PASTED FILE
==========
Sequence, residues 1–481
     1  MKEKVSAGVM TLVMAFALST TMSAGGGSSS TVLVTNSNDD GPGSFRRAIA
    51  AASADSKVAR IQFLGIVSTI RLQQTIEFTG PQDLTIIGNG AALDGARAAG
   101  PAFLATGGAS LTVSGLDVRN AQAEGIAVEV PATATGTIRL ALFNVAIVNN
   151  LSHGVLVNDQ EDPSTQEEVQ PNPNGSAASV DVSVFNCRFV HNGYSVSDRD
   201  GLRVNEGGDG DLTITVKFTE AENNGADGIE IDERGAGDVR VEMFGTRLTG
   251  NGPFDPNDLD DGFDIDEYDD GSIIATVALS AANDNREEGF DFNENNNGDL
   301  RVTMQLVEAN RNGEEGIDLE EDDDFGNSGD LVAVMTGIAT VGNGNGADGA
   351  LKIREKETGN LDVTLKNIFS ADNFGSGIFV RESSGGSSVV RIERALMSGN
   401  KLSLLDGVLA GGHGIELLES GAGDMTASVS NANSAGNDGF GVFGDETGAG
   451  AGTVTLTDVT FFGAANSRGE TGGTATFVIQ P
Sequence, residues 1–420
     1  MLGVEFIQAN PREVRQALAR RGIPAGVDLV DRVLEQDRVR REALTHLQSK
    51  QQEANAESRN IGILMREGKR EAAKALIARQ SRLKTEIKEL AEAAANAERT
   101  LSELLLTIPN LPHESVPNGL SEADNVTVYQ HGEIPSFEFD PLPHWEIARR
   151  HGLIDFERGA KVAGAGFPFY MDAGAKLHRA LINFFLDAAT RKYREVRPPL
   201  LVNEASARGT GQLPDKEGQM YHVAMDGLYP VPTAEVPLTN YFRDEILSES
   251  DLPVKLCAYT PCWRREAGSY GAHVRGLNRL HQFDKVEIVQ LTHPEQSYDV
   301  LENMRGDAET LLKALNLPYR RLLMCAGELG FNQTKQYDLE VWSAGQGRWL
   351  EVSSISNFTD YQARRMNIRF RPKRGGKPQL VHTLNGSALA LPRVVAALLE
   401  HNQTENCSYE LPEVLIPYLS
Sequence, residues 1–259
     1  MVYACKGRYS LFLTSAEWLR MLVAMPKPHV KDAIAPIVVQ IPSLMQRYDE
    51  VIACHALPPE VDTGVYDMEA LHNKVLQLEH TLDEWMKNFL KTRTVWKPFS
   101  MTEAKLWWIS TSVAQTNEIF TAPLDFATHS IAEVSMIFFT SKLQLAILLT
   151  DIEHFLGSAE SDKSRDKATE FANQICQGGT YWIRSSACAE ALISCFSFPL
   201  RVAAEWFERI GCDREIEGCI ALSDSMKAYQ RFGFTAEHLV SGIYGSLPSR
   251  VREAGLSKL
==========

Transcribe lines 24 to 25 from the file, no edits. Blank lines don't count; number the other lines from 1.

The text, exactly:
    51  VIACHALPPE VDTGVYDMEA LHNKVLQLEH TLDEWMKNFL KTRTVWKPFS
   101  MTEAKLWWIS TSVAQTNEIF TAPLDFATHS IAEVSMIFFT SKLQLAILLT